The use of force in a changing world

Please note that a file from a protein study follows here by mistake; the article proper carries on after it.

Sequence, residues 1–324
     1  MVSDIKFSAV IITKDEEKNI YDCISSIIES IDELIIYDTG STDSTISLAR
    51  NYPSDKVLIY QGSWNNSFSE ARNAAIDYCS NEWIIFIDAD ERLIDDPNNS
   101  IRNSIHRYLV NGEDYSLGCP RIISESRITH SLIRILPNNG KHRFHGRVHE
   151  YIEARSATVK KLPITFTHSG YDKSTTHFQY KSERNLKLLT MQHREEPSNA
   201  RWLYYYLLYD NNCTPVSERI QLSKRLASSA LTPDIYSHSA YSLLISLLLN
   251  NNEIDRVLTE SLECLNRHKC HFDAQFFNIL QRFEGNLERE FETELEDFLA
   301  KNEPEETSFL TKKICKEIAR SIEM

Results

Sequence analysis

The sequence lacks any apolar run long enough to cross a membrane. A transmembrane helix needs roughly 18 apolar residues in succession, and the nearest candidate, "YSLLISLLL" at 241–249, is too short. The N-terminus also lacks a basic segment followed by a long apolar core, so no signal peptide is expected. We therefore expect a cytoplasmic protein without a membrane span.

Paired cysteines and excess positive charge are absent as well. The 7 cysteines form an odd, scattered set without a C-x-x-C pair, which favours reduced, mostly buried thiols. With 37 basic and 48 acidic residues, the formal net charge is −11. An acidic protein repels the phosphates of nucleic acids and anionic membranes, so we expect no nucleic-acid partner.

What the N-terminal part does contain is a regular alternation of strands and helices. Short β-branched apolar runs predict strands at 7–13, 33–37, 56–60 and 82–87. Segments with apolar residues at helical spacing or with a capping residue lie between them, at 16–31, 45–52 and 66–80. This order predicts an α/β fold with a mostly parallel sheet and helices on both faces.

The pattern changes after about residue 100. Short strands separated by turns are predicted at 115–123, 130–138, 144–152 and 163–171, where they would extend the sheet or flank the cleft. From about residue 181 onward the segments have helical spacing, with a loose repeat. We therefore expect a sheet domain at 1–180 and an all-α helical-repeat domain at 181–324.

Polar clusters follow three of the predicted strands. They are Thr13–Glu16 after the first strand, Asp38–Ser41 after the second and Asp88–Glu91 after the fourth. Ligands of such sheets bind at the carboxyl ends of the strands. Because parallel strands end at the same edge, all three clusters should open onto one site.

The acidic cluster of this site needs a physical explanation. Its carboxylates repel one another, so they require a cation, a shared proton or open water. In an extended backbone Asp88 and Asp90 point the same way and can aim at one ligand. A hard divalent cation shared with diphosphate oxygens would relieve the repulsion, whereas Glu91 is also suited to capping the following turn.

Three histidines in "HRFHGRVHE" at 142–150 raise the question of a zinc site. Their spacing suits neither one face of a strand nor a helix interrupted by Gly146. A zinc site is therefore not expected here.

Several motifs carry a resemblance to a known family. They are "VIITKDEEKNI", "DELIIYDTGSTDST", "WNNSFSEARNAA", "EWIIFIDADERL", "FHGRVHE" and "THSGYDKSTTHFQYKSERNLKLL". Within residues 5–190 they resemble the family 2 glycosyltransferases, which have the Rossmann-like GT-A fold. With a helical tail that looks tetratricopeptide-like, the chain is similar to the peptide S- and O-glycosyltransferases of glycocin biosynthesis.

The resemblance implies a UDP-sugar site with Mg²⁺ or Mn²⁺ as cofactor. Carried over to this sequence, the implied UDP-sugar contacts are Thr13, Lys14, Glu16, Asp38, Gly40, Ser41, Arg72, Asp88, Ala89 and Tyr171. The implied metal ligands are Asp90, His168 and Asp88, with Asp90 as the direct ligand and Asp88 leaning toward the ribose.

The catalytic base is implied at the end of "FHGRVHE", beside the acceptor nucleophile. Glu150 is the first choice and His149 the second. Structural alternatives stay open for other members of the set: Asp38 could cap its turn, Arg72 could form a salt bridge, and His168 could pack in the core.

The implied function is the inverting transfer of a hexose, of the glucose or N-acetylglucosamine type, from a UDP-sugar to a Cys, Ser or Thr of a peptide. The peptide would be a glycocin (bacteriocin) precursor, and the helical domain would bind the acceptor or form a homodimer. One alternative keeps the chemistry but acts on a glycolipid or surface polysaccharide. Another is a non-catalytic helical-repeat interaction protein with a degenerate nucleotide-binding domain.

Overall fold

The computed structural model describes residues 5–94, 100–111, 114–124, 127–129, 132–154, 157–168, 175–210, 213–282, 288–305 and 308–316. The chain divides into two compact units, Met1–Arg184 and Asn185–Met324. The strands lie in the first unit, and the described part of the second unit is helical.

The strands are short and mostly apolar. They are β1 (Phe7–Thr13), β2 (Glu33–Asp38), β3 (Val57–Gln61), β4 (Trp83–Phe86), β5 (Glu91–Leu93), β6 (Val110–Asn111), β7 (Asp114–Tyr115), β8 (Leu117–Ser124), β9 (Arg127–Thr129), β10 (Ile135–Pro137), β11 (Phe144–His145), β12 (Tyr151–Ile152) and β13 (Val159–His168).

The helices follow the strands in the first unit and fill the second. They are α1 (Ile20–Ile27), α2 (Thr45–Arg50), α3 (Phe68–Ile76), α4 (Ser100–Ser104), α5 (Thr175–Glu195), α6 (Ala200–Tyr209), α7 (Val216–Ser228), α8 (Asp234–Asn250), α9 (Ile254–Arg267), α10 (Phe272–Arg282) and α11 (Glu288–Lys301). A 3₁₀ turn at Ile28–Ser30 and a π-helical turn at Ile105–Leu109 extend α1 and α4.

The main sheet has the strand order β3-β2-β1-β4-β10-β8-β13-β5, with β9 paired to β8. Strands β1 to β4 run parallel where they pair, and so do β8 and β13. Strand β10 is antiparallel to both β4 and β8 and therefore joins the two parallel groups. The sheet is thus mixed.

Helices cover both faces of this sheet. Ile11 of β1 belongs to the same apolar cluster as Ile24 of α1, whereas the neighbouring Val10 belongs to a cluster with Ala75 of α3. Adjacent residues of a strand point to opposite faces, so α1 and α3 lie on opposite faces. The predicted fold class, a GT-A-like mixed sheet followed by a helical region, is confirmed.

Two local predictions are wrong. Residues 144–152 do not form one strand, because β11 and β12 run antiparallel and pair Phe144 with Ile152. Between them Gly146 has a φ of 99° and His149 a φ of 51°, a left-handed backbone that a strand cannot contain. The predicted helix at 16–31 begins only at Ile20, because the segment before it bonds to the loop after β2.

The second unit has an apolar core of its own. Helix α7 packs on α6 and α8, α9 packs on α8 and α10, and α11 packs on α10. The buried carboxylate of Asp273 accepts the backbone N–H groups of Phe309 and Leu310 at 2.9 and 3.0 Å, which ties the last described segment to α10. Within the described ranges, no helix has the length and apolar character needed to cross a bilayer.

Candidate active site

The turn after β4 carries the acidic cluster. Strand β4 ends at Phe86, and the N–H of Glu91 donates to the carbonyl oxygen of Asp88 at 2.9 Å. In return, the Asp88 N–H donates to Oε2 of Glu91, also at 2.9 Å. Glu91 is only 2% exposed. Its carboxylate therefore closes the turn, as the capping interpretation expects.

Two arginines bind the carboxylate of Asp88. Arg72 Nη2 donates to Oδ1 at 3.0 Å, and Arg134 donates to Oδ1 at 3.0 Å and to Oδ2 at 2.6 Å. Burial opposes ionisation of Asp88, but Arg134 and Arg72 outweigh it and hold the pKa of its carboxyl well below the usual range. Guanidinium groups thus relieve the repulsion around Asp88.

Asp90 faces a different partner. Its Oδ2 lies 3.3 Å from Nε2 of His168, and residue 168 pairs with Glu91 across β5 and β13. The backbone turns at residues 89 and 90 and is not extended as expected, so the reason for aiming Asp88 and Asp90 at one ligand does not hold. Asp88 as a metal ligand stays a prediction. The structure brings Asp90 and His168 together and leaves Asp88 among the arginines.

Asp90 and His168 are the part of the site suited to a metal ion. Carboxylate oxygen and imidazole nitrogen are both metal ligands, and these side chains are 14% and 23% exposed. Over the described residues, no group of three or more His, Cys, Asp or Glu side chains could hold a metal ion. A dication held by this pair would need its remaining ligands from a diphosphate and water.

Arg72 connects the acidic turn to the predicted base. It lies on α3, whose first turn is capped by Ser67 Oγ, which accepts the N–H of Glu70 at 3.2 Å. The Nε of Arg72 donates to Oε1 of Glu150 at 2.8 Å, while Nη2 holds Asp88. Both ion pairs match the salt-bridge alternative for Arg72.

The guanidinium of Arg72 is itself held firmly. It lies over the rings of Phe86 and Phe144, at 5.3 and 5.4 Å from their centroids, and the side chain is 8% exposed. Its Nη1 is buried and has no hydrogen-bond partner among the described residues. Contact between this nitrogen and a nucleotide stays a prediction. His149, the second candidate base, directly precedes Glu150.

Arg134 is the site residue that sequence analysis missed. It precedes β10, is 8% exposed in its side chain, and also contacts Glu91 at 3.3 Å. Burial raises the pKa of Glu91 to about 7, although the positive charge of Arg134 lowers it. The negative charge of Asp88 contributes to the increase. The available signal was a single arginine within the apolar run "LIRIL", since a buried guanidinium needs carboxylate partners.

The 1990s witnessed an increasingly heated international discussion about humanitarian intervention and what obligations states had to secure the rights of individuals in cases where governments systematically sought to deny even the most basic human rights to life, food, or shelter. The present debate about how to deal with the threat posed by catastrophic terrorism – the combination of terrorists, tyrants, and technologies of mass destruction – is in many ways an extension of this earlier discussion. Both highlight the pressing need to devise a new framework for determining when and how and by whom force can be used. The old rules, which in many instances prevent the use of force in a timely and effective manner, are clearly no longer adequate to deal with many of the new threats. But the new rules suggested by the Bush administration’s doctrine of preemption, while enhancing the possibility that force can be used in ways that deal effectively with the new threats, ignore the need to legitimize the use of force, which for the purposes of maintaining a viable international order remains as vitally important as ensuring greater effectiveness in its application. The challenge, therefore, is to craft new rules that enhance both the effectiveness and the legitimacy of the use of force. It is a challenge that can be met only if the United States and its major international partners, especially its friends in Europe, work together on devising new rules to deal with new threats. –Summary AFRI-2003